Breathing New Life into Yukata with Classic Patterns, Using Novel Colors and Materials

Classic yukata used to be made from white cloth dyed indigo or navy blue. Over time, the colors and patterns have grown in variety and other than for summer events, it is now common for them to be worn in various situations, including in everyday life. Since its establishment in the Meiji period, Marukyu Shouten has been a wholesaler that mainly offers yukata and cloths that become part of people's daily lives. It focuses on products made with a uniquely Japanese stencil dyeing technique called "chusen" and in recent years, has been proactively creating products that convey the many charms of chusen by restoring old designs and devising new patterns.

"Every year, we release about 30 yukata patterns. Generally, we do not create classic pieces but deliver fabrics incorporating the needs of the period," says fifth-generation owner Ms. Misako Saito. One of this year's new creations is a cotton-linen blended fabric with a pattern called "horizontal peonies." Usually, 100% cotton fabric is used, but taking into account the recent popularity of linen, this is the wholesaler's third year creating a series that makes use of "Shinnosuke-Joufu" weaved by artisans from Shiga.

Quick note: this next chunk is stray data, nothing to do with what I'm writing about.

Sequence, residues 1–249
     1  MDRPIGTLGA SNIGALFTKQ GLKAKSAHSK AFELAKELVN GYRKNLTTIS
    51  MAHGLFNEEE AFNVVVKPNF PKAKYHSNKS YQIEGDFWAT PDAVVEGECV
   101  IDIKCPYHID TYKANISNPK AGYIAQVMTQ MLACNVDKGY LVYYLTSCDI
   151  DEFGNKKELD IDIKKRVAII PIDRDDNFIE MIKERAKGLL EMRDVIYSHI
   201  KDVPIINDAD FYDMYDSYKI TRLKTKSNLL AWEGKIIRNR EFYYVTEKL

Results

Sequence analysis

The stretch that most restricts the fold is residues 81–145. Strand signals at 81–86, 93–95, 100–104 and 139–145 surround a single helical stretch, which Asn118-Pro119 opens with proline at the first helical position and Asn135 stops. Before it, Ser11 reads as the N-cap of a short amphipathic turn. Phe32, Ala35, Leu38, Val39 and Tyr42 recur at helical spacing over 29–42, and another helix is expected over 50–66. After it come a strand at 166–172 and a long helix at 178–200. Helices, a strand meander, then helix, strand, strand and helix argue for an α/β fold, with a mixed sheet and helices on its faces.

"It is a fabric that is very comfortable to wear as it is soft to the touch and has the suppleness of linen. It is 55% linen and, while in the chosen process it shrinks easily and is difficult to handle, this year we had chusen-maker Mr. Takashi Sekizawa meticulously create a beautifully delicate peony pattern."

The pattern is available in three colors: India ink; silver; and peacock. Each color is chic and is coupled with the supple texture of the fabric; one can enjoy pulling off the look of a mature lady afforded by the yukata even when it is not midsummer. In recent years, Japan's climate has been getting hotter due to global warming and apparently, customers have been increasingly requesting yukata from as early as mid-May and as late as the start of September. Many of the new creations are subdued fabrics that are also appropriate for use in kimono-making, without giving the impression of being a yukata fabric.


The "roketsu yukata", which is being released for the first time in several years, has a delicate and profound expression brought about by the cracks of the wax used for resisting the dye. "May umbrella", which was inspired by the style of the artist Settai Komura, is a fabric created by overlaying an umbrella-chain pattern with a striped pattern to exude the essence of Edo.
"When people tell me that they can enjoy the classic patterns in the form of a stylish yukata, that makes me happier than anything. I hope to continue to propose various new creations, including yukata, so that more people will know about the charms of chusen."

*This article was originally published on "EDO TOKYO KIRARI PROJECT (June 22, 2022)"